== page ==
Ancient authors record that Alexander the Great was so pleased with portraits of himself created by Lysippos that he decreed no other sculptor would make his image. Although this statement is probably exaggerated, Lysippos did make some of the most powerful and lasting images of Alexander. It also shows Alexander understood the propagandistic importance of his image and the need to control it.
Lysippos’s statue “Alexander with a Lance,” made in the 320s B.C., portrayed Alexander armed and naked, echoing the great heroes of Greek mythology like Achilles with whom he identified. He stood with his weight on one leg, one arm extended and holding a spear, the other hanging down at his side. This broken statuette, carved in the 100s B.C., is a small-scale variant of that original. One of numerous surviving posthumous images of Alexander made well into the Roman period, this statuette may have been a private devotional image related to the worship of Alexander as a god. Its owners certainly valued it, since the statuette was repaired and reworked in antiquity.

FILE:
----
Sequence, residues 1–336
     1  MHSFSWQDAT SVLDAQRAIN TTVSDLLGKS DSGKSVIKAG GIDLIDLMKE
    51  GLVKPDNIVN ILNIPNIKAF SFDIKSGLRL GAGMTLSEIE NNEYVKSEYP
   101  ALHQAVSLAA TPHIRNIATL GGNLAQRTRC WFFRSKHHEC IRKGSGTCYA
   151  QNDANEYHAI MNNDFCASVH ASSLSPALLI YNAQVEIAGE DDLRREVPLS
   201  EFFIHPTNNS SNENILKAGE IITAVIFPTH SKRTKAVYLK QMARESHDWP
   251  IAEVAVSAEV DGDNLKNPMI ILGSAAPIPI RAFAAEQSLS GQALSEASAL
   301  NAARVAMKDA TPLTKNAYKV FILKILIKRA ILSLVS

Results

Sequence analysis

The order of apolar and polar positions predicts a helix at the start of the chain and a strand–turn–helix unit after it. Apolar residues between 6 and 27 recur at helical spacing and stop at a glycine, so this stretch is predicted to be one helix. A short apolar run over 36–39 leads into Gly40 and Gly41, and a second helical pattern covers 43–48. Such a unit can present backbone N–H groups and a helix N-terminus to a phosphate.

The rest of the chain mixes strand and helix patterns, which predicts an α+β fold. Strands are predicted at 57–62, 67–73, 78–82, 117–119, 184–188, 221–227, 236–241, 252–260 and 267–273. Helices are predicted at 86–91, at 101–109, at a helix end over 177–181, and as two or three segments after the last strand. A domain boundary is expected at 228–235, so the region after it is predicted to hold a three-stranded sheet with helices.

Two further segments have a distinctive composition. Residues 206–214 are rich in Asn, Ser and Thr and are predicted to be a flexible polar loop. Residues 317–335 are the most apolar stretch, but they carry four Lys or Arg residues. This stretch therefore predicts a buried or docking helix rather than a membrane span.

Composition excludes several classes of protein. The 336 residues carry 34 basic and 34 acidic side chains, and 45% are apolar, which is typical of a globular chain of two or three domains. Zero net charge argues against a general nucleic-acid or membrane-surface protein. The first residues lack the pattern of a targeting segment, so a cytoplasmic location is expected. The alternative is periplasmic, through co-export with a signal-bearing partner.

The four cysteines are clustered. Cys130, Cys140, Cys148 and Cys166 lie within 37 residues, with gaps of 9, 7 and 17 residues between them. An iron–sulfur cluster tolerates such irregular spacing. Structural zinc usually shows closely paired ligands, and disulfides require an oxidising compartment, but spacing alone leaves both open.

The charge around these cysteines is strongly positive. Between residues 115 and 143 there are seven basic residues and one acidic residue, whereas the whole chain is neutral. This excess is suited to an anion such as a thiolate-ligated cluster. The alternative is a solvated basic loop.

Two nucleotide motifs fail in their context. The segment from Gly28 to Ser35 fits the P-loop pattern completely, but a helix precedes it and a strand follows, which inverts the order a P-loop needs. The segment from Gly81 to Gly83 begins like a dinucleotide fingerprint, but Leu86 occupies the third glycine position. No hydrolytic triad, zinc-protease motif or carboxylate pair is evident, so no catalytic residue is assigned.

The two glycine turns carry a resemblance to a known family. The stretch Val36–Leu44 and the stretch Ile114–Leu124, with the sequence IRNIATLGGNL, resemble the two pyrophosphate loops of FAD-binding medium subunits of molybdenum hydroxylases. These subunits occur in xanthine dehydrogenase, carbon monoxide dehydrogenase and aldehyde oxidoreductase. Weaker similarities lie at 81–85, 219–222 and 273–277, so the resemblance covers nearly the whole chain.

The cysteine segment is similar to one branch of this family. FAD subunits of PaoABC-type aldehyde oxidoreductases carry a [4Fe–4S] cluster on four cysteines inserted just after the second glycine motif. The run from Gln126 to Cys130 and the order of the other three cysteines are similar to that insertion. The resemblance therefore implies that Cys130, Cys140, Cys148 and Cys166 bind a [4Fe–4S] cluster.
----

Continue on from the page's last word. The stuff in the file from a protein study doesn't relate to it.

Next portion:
Source : The J. Paul Getty Museum
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